NEW guidance and resources have been published in a bid to encourage doctors, dentists and other clinicians to take part in reflective practice.
A joint statement signed by the General Medical Council (GMC), General Dental Council (GDC) and seven other UK healthcare regulators emphasised the importance of reflective practice in improving services and patient care.
Being a reflective practitioner, it said, benefits people using health and care services by:
- Supporting individual professionals in multi-disciplinary work
- Fostering improvements in practice and services
- Assuring the public that health and care professionals are continuously learning and seeking to improve.
It endorsed the value of reflecting in groups, teams and multi-professional settings "to develop ideas that can bring about positive change" in practice. Employers are urged to encourage teams to make time for reflection as a way of "aiding development, improving wellbeing and deepening professional commitment".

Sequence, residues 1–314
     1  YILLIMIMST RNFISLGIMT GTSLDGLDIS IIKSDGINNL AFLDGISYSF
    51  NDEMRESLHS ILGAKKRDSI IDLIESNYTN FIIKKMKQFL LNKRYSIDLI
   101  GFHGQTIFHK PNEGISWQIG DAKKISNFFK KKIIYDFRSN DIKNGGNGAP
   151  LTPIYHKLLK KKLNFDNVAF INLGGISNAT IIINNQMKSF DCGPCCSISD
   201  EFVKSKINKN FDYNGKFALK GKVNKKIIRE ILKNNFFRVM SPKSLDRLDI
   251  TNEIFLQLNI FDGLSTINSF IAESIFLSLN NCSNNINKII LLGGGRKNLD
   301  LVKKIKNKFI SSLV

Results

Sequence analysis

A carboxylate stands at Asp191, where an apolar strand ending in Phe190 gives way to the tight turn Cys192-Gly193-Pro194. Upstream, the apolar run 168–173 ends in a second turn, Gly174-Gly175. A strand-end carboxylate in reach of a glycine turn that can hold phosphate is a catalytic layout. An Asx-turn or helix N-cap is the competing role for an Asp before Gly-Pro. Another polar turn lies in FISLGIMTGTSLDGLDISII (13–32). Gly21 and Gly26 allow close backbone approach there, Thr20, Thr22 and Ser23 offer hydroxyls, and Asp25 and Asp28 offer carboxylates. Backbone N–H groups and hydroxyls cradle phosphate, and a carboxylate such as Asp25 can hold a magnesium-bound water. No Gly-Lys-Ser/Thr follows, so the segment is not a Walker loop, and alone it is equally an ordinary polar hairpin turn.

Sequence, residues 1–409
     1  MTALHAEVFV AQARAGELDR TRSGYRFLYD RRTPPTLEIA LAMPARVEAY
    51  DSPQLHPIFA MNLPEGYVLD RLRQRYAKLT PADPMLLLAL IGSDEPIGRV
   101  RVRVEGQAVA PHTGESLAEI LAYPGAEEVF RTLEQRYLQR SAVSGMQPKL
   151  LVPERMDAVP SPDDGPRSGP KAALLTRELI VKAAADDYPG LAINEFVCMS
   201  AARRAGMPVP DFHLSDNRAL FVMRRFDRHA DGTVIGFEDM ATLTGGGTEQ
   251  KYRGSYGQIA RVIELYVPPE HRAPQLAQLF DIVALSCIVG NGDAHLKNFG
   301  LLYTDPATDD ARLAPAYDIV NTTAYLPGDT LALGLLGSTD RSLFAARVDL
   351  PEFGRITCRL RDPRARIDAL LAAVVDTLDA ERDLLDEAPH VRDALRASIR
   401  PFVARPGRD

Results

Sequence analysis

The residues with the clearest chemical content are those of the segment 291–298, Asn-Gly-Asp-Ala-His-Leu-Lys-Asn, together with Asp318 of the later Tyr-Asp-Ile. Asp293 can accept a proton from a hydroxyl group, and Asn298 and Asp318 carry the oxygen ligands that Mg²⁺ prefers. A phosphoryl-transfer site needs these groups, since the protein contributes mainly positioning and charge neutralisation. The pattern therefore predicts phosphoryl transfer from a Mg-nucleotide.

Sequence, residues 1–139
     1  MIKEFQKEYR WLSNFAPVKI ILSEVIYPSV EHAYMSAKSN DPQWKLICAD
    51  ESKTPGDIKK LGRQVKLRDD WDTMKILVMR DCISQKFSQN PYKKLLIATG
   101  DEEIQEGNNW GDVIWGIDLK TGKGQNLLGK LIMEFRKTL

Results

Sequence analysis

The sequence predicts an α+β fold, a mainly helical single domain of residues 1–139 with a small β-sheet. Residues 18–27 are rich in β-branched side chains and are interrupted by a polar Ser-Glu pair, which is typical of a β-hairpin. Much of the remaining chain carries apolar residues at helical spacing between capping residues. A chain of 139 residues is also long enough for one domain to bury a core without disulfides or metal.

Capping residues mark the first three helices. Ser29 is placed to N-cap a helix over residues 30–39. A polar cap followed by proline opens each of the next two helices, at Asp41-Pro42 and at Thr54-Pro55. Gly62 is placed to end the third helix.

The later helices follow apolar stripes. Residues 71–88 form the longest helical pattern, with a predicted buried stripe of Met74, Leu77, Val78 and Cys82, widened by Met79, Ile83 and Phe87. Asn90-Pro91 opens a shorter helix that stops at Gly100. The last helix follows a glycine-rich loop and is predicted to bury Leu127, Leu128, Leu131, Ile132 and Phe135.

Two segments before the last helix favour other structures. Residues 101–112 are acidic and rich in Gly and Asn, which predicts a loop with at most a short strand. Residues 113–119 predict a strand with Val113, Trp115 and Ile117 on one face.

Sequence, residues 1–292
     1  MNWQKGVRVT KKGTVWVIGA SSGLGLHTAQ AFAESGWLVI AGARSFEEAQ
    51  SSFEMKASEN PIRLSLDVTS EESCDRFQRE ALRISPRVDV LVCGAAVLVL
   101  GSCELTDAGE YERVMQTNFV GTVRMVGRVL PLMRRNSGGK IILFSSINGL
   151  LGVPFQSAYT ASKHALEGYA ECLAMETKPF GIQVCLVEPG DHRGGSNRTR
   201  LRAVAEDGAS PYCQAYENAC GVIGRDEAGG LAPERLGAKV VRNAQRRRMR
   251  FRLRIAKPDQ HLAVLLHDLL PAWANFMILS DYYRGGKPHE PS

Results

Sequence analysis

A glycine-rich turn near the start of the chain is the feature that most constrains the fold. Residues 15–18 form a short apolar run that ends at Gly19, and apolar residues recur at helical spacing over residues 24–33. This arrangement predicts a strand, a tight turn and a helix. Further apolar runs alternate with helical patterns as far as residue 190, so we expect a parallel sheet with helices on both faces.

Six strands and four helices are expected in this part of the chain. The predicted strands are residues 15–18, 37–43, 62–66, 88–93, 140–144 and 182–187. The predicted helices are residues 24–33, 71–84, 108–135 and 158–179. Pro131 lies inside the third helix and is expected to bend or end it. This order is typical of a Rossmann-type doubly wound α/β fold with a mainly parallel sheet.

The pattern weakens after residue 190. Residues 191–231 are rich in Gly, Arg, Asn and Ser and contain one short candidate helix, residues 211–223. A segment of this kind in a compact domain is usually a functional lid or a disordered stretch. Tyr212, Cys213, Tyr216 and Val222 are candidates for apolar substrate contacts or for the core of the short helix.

The regulators hope health and care professionals will "proactively and willingly engage" in the practice to make it "less of a tick-box exercise". They recommend following a systematic and structured approach that aims to draw out learning outcomes.
The statement also reassured clinicians that personal written reflections will not be used to investigate concerns about them. Registrants will be given the choice of offering them as evidence of insight into their practice. Patient confidentiality, it said, is vital. "Where reflections are recorded, they should be anonymised and focus on learning gain and development rather than the identifiable details of people, the experience, activity or event."
Both positive and negative experiences should be recorded, the statement added. People who use services, patients, their families and carers should be involved in the reflective process to help professionals "focus on what matters to people using health and social care services".